Netflix struggles to retain international subs | Media Analysis | Business | News | Rapid TV News
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Investors punished Netflix stock fairly severely in the wake of its Q3 earnings, which showed less-than-expected subscriber growth in the domestic market. But this could be the least of its worries: shrinking international retention could be a harbinger of deeper issues.

International expansion is the key strategic initiative for Netflix. However, “Investors pinning their hopes on profitability of the international segment should brace for a wild ride in the future,” said investment analyst Nitin Gulati, in a blog. His analysis “reveals a gloomy picture in Netflix's international business expansion effort,” he said, as the company is struggling to hook consumers.

He points to a “back-of-the-envelope” metric: the difference between the net subscriber additions and gross subscriber additions. If net subscriber additions are higher than gross subscriber additions, it reflects additional subscribers who continue to stay with the service. On the contrary, if net additions are lower than the gross additions, it reflects churn. And Netflix appears to be unable to preserve its existing subscriber base.

For the recently ended quarter, Netflix reported more than 2 million gross subs for its international segment. But the net addition to the international segment was only 1.48 million. That’s a deflection of 560,000 subscribers, who apparently tried the service and decided that they didn’t like it.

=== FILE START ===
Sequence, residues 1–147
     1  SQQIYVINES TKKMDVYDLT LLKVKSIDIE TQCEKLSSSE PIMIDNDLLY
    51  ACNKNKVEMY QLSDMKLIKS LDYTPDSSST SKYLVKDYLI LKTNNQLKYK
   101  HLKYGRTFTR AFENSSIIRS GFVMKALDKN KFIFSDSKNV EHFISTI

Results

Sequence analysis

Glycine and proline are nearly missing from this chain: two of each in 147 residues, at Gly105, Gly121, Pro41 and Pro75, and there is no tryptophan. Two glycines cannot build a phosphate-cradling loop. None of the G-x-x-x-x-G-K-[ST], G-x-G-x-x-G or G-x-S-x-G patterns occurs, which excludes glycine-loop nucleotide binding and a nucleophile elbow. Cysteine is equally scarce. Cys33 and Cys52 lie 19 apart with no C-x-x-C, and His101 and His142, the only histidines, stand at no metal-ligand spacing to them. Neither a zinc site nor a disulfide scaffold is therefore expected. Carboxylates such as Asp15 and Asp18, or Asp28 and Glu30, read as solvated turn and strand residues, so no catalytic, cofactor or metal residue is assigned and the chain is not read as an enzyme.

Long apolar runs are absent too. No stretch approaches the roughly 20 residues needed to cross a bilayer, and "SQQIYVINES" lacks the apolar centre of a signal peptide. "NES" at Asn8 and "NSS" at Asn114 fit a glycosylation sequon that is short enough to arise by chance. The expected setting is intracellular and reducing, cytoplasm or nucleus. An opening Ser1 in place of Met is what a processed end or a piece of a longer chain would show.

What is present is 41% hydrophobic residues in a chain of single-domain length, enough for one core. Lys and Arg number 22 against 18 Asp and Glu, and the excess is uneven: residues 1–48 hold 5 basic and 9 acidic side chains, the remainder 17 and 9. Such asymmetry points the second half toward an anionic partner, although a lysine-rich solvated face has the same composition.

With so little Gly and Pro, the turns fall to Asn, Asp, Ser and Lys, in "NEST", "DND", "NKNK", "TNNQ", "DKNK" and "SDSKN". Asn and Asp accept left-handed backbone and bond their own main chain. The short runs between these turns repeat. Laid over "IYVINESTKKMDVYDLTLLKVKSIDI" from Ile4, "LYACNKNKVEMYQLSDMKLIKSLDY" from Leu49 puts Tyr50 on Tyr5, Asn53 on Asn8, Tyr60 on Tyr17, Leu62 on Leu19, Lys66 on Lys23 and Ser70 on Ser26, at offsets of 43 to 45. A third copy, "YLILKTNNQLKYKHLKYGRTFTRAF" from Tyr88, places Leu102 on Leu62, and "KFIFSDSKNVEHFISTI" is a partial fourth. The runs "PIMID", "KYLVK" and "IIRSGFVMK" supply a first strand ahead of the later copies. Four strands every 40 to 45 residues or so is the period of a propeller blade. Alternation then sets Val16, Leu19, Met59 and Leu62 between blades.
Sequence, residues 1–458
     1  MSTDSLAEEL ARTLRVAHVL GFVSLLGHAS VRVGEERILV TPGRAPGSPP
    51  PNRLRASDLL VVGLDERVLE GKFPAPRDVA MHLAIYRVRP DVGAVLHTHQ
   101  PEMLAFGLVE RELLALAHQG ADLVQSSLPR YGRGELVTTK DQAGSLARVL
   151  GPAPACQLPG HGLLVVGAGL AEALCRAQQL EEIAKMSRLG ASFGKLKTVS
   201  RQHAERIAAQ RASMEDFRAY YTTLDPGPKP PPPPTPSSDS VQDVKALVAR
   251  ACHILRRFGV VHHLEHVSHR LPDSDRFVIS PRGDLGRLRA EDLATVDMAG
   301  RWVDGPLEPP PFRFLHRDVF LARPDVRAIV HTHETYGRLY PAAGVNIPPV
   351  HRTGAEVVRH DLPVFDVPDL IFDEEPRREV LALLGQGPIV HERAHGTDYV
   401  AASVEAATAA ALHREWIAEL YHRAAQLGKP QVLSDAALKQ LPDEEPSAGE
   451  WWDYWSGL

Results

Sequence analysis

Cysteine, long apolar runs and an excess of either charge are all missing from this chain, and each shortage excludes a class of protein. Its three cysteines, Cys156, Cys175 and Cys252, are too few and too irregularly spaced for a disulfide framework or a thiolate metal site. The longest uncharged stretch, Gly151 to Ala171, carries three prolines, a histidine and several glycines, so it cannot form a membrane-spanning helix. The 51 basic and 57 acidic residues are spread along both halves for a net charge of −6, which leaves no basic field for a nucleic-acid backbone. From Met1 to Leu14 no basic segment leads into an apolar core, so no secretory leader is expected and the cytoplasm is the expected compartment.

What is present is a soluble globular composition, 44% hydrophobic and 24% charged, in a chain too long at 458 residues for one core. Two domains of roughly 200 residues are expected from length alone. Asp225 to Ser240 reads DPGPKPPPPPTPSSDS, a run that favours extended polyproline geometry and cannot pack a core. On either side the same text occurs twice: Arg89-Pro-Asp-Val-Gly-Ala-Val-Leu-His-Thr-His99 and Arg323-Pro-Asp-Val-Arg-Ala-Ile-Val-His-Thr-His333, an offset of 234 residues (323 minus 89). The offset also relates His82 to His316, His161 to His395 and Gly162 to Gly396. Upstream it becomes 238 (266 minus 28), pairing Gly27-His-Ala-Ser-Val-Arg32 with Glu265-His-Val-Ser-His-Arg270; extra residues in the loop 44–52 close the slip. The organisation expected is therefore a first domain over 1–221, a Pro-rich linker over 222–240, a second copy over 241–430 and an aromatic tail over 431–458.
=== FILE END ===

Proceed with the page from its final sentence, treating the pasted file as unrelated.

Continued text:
“The scary result from this analysis is the continued acceleration in subscriber defection in the international segment, making me more sceptical over the subscriber growth potential in these markets,” Gulati said.

If the trend persists for the next two quarters, investors will begin to reprice the international growth opportunity for Netflix, he added.

It’s not all bad news. On the upside, despite investors’ unhappiness with the subscriber numbers at home, “Netflix continues to maintain its subscriber momentum in its domestic market, validating the subscriber success created by original programming, hence more spending on original content,” Gulati noted.

And, there was notable improvement in the gross profits for the international segment. Analysts are expecting the international segment to be profitable sooner than expected, raising their expectations of margin expansion by the end of fiscal 2015. But it will be all for nothing if Netflix can’t attract interest overseas.

“Divergence between subscriber retention in domestic and international markets is indicative of the failure of US-based original programming to spur interest elsewhere,” Gulati said. “We are now entering into a seasonally favourable two quarters for the company globally. And if Netflix fails in reinvigorating subscriber retention in the international markets, investors will be left with no choice except for marking down their international growth estimates.”

He added, “Notwithstanding, investors will shortly recognise it's not the higher content or marketing expenses that will put the brakes on Netflix's expansion efforts, but the subscribers.”